A look at Iron Mike
"To win the Stanley Cup is not an easy task; it's a very difficult task that demands abnormal behavior in terms of excellence."
"A hockey coach never has a day off. I prepare myself to have the least bad hair days of any coach. I was on a fast track. To reach an elite level you have to be abnormal. Can you imagine living with that?"
After being airlifted into the Calgary Flames' occupied head-coaching position earlier this week, Mike Keenan is back in Canada, back in hockey's spotlight. Given his seven previous NHL stops took him through hotbeds such as Philadelphia, Chicago and New York, it's not something he's unaccustomed to.
But for all of the odes that will be written on Keenan's return (and Al Maki has a fine one on just that subject for tomorrow's paper), none will quite get down to the essence of the man the way Pat Jordan's piece for The Sporting News did all those years ago:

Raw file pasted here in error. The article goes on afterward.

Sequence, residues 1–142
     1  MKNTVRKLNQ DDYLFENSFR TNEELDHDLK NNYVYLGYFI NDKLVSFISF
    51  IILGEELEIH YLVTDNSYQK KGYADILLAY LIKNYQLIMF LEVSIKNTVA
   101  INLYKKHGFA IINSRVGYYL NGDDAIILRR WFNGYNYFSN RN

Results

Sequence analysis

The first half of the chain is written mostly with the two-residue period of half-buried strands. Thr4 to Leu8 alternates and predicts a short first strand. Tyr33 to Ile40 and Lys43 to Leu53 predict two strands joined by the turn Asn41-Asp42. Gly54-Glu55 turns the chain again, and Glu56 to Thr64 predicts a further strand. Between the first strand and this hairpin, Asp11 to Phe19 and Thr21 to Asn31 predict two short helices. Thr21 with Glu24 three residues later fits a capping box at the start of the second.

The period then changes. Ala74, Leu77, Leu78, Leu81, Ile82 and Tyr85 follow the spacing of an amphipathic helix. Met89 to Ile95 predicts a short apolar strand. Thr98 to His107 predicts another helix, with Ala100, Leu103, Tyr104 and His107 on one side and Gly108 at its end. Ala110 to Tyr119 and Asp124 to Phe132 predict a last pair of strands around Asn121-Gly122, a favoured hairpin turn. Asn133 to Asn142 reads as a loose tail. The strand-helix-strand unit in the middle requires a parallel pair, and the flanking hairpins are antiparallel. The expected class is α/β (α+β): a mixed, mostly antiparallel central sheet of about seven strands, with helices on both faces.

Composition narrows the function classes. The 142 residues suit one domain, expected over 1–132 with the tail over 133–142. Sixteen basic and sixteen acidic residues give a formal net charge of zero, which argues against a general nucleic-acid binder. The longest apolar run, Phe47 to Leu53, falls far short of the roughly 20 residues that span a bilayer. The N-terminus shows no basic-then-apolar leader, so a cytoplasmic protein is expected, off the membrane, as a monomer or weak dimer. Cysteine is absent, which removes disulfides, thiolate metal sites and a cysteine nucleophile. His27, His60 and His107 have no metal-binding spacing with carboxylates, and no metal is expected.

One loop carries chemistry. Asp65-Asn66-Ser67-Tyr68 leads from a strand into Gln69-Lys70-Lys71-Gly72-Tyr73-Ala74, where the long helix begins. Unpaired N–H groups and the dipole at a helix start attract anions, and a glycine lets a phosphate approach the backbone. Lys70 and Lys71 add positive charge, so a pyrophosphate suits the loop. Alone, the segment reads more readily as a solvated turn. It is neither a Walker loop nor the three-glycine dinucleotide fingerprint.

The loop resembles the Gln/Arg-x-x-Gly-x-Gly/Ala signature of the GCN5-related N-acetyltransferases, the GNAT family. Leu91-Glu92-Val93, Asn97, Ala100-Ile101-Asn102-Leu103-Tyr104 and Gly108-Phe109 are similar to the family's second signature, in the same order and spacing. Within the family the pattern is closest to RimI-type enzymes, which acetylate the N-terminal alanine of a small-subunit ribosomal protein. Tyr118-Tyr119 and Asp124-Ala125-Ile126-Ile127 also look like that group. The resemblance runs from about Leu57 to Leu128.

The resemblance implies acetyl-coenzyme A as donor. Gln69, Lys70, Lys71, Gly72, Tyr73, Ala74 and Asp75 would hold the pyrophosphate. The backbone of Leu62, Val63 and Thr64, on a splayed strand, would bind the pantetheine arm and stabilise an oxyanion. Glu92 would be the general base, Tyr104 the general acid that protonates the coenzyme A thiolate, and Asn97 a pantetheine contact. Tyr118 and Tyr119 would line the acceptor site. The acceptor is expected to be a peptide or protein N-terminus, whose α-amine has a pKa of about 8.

"My wife couldn't comprehend it. I can't blame her. She'd put up with a lot. So she asked me to give up hockey." He looks up with those pale, blue eyes. "I couldn't give up hockey. It's my life." He sighs again, expressing that defeat known to men whose work is their life in a way some women cannot understand. "So we separated," he says. "Now I cry a lot."Keenan's arrival in St. Louis 13 years ago was the basis for this cover story, but it's one that ends up being about a whole lot more than a hockey coaching taking up a new position after winning the Stanley Cup.
If you haven't seen it before, it's required reading.